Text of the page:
A program for students with intellectual disabilities at the University of Oklahoma just got a little more accessible.
Sooner Works is now a recognized as a comprehensive transition program by the U.S. Department of Education, opening several new doors for students.
It’s the first program of its kind in Oklahoma or Texas to receive the certification.
“Sooner Works has been going fabulous,” OU sophomore Bo Cochran said.
The university ended its spring semester online due to COVID-19.
“I stayed at home with my parents and did classwork on Zoom,” Cochran said.
Sooner Works' students will return to campus with more opportunities due to the new federal certification.
“It allows students to apply for a federal financial aid, which then really helps with the cost of college,” program director Kendra Williams Diehm said.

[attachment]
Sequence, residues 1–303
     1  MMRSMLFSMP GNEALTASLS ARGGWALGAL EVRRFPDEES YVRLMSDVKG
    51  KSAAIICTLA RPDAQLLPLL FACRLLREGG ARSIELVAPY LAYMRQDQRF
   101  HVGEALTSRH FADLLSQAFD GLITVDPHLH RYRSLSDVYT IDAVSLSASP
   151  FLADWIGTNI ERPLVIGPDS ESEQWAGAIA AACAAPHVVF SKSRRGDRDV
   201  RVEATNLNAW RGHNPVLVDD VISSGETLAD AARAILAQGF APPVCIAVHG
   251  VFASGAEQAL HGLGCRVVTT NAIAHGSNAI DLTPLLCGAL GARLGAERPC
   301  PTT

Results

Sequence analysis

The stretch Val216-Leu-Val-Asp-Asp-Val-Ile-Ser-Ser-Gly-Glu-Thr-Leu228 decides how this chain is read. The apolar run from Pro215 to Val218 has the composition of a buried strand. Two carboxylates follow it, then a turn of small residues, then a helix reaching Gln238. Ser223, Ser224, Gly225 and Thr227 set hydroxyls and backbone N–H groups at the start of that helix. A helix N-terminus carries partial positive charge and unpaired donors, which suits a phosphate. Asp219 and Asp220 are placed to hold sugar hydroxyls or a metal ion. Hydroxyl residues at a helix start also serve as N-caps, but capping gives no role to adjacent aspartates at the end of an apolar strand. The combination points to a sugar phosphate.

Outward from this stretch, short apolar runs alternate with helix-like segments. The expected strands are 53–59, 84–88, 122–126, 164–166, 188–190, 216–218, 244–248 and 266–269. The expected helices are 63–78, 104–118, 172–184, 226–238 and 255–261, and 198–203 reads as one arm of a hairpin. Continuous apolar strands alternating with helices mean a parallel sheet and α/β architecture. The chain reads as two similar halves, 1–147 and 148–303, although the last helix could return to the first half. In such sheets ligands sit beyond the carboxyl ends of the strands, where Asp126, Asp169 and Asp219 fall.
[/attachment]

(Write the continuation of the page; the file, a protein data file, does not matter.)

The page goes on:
“To our parents, post-secondary education options are fairly new,” assistant director Mindy Lingo said. “So, a lot of our families weren’t aware that this was an option so they don’t have that college savings that a lot of families do. This CTP has allowed another resource for them to access some financial help.”
The four-year residential program for students with intellectual disabilities places them alongside students in traditional classes, while also taking specialized courses to expand life skills and internships.
The program had to meet certain criteria to get federally certified.
“Making sure the kids are in as an inclusive environment as possible, not only academically but socially and in their internships,” Lingo said.
The program is also growing from three students last year to 11 this coming semester.
“I’m excited to be back in a routine,” Cochran said. “I’m going to continue as a house for a tri-delta house and continue my internship at Sooner Sports properties.”
Students will begin moving back to campus for the fall semester on August 11.